And I thought: God save me from moxie molls.
To the horror of her more uptight lawyer friends, we spent one of her birthdays roasting weinies and eating frosted animal cookies. “David didn’t take you out to someplace nice?” one woman asked. Terri almost bounced: “Nope. It was so cool.”
Don’t get me wrong, Terri was as down-to-earth a person as I’ve ever met, congenitally practical in the way only Italian women can be. And she was smart—she didn’t just sofa-surf cartoons, she read Nietzsche and Toni Morrison and Edna St. Vincent Millay. (I led her astray, turning her on to Robert B. Parker and John Harvey.) But cartoons saved her life.
Not surprisingly, her favorite movie was Roger Rabbit:
Terri was an estate planning and probate lawyer, married to a man who, like Eddie, has a short fuse, so you can imagine how much she enjoyed that ending. And I sometimes wonder if that scene weren’t a reasonable facsimile of the world Terri inhabited most days, at least until ovarian cancer made foolery a bit less fun. Still, even as death crept closer, she retained a pretty good sense of humor, despite the fear, the disintegration of her body and her hope, the dementia. Cartoons couldn’t save her then.
She loved life like no one I’ve ever met, which made seeing her lose her life so young feel so cruel. She was the bravest, kindest, silliest, smartest, most fundamentally honest person I’ve ever known. She remains my hero. I hope, in some small way, I live up to her example.
But there’s a coda, and it involves a caramel-colored pound poodle named Bugsy. (Please excuse the small image; Squarespace and I are having our issues over photos.)
We adopted him and soon discovered he was, to quote Groucho, “the most glorious creature under the sun.” He looked like a Paddington bear. I have friends who still talk about him glowingly–he was that kind of dog. He bounced. He buried his ball in a blanket so he could pretend it was hidden, then dig it up. His stubby tail wagged like a hummingbird. He was the closest thing to a living cartoon I’ve ever known.
Bugsy survived Terri by five years, and was as clownishly sweet as she was right up until the end. The circumstances of his passing eerily mimicked hers, so much so I wrote about it in the following poem, and I add it here not to crank the sad into maudlin, but to add a final and appropriate touch of wonder. These two incomparable beings returned to me the joy of my youth. I’m grateful.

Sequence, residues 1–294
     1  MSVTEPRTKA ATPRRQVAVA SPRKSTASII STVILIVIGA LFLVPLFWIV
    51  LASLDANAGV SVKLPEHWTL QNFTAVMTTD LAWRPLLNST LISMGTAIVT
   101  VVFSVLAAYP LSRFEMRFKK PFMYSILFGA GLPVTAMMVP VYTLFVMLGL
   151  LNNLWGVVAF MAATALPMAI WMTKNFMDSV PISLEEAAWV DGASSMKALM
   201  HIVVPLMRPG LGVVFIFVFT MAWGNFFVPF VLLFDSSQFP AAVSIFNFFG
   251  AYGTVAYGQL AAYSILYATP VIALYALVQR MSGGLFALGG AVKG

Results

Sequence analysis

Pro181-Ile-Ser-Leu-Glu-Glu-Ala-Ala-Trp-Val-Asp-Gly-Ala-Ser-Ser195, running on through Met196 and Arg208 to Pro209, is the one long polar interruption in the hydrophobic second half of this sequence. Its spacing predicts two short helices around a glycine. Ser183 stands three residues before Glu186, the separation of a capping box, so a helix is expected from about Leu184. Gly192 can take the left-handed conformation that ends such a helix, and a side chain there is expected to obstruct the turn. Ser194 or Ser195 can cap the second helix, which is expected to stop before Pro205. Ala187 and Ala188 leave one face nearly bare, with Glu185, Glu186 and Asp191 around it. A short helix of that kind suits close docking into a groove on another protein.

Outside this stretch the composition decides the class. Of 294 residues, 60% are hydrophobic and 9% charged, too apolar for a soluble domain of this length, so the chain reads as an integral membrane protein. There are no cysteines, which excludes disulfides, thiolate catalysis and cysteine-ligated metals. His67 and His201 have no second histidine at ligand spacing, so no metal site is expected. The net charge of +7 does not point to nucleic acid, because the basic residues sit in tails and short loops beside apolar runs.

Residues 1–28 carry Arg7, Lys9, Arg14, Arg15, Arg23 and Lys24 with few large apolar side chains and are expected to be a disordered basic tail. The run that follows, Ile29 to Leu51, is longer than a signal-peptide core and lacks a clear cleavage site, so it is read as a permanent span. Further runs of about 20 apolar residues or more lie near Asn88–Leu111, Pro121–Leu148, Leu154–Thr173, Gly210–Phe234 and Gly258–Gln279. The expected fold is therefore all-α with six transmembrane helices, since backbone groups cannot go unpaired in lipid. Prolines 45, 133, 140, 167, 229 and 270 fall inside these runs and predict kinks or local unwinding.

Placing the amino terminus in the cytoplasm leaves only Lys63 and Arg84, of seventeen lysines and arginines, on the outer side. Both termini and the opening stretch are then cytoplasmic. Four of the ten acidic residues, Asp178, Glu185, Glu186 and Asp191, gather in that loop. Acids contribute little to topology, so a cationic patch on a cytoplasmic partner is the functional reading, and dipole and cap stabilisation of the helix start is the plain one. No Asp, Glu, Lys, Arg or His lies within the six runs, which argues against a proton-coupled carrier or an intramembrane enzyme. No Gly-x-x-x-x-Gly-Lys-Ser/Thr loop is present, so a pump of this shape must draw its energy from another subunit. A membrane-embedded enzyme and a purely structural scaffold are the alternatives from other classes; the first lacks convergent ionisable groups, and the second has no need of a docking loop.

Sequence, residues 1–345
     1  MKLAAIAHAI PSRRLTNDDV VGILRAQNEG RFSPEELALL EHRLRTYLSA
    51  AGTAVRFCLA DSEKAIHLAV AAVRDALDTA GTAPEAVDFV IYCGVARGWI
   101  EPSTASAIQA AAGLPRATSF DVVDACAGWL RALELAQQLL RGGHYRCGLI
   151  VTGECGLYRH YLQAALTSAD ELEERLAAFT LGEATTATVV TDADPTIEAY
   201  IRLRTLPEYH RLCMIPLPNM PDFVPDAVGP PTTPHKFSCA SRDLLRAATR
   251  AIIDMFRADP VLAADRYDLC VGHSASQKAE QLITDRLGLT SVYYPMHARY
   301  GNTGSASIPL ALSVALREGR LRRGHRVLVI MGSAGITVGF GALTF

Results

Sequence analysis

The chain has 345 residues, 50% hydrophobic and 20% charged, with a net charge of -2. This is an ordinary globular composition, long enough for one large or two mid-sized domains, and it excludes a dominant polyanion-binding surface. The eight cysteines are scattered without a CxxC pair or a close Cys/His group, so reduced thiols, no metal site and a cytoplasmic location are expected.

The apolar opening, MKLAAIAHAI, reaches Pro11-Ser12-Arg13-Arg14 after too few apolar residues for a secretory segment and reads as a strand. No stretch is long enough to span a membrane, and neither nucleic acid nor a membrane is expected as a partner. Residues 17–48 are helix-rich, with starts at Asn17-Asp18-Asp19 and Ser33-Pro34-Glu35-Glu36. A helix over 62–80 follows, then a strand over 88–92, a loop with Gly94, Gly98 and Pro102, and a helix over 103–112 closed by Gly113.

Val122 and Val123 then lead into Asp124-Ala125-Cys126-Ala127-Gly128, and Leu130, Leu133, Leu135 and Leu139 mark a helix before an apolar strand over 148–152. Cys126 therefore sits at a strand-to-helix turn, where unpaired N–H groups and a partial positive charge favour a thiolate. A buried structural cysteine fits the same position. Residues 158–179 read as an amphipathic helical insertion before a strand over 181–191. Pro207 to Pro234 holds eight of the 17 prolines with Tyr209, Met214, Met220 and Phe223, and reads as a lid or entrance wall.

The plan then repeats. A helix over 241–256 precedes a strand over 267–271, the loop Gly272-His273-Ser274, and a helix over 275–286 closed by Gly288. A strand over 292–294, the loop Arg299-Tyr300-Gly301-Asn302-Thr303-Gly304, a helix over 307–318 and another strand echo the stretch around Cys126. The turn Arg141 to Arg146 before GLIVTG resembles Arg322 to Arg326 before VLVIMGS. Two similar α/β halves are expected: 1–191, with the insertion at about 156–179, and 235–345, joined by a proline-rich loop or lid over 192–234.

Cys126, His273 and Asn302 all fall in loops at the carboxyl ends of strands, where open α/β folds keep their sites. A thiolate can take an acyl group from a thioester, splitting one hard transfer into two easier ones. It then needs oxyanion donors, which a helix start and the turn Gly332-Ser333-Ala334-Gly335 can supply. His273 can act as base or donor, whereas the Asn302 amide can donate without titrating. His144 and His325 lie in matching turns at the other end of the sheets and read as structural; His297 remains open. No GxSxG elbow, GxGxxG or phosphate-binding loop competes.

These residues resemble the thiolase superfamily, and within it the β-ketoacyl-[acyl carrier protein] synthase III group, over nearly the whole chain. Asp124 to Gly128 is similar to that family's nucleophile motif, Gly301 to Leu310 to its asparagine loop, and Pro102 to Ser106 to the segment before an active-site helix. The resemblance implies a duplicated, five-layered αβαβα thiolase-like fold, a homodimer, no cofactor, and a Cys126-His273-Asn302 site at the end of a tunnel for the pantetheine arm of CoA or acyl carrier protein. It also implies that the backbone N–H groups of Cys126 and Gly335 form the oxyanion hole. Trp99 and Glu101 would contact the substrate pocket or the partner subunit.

Same disease, same lousy luck.
Dogs get cancer, who knew?
Worse, poor guy’s resistant to his chemo,
like you were, all that muck rattling in his lungs.
And it’s that time of year, so close
to the five-year mark of your death.
To be fair it’s not so terrible. Not yet.
Credit the steroids, I suppose.
Got the appetite of a hobo,
still fetches his ball some, nuzzles my hand,
but his hair’s going, each breath brings a cough.
As for me, in five years I’ve learned to let go.
I get it, the finger-snap of life, drinking
from the dharma’s clear, cold well
or whatever Buddhist bullshit applies.
I recall your take on such things.
Phooey, to be brief.
I wonder if that’s changed,
where you are. If anywhere.
I remember the last place you were too well—
tube jammed up your nose, down your throat
into your gut to pump out the shit-brown sludge
that would rot your insides if not drained away.
Belly like a watermelon, your gaze a howl—
you wandered the cancer ward day and night,
bed to chair to hallway to bathroom to bed again,
tidal surge of morphine in your veins,
the doctors baffled by your pain.
Vomiting, pissing yourself. My bride.
For all that, though, I pity
those unscathed by great love.
What I know of things divine, I learned
from you. You and this rascal dog:
rescued from the pound, spared
the killing needle and nursed back
from kennel cough and garbage gut
and, once, less ominously, a bee sting to his nose—
taffy colored, the moist rough flesh ballooned—
then, in later years, pancreatitis, viral warts.
The whole doggy diagnostic, now this.
Through it all, he’s been gentle, honey-hearted.
He’s grateful—freed prisoners don’t forget—
but uncanny as well. After you died,
he began each day by crawling onto my chest,
curling his paws onto my shoulders, licking my nose.
Slowly. Mindfully. Old dog, new trick.
It’s what the holy rollers crow about,
ripping open their hearts to the Lord.
That aching, mad want: He listens.
He watches. He knows. Loves.
If true, pity it didn’t count for more
when you were dying, or now,
as this minor, magical creature
noses toward his own death.
I promise I’ll hold him at the end,
stroke his head and flank and
tell him he was the best damn dog,
remind him that you thought so, too.
Then, if you can—though the smart money
says you can’t—guide him to wherever you are,
call his name (he’s hard of hearing these days—
will death cure that?) and open your arms
as he steadies his legs and shakes and
cocks his head, then figures it out,
starts to run.
* * * * *
So, Murderateros: What was the joy of your youth? Have you revisited it — or it you — in adulthood? Does it carry for you an element of the divine? Has it, in even some small way, saved you?
No need to stick to the Q&A. Feel free to make any comments you please. I’ll be happy to respond however, to whatever.
BTW: For a fictional version of a gifted young woman saved by cartoons, check out Nadya Lazarenko in my second novel Done for a Dime, most of which was written after Terri’s passing. My attempt at homage.
Jukebox Hero of the Week: Terri didn’t live to see the Scissors Sisters, but I think she would have approved of dancing eggs, singing watermelons, and a giant pink goonybird: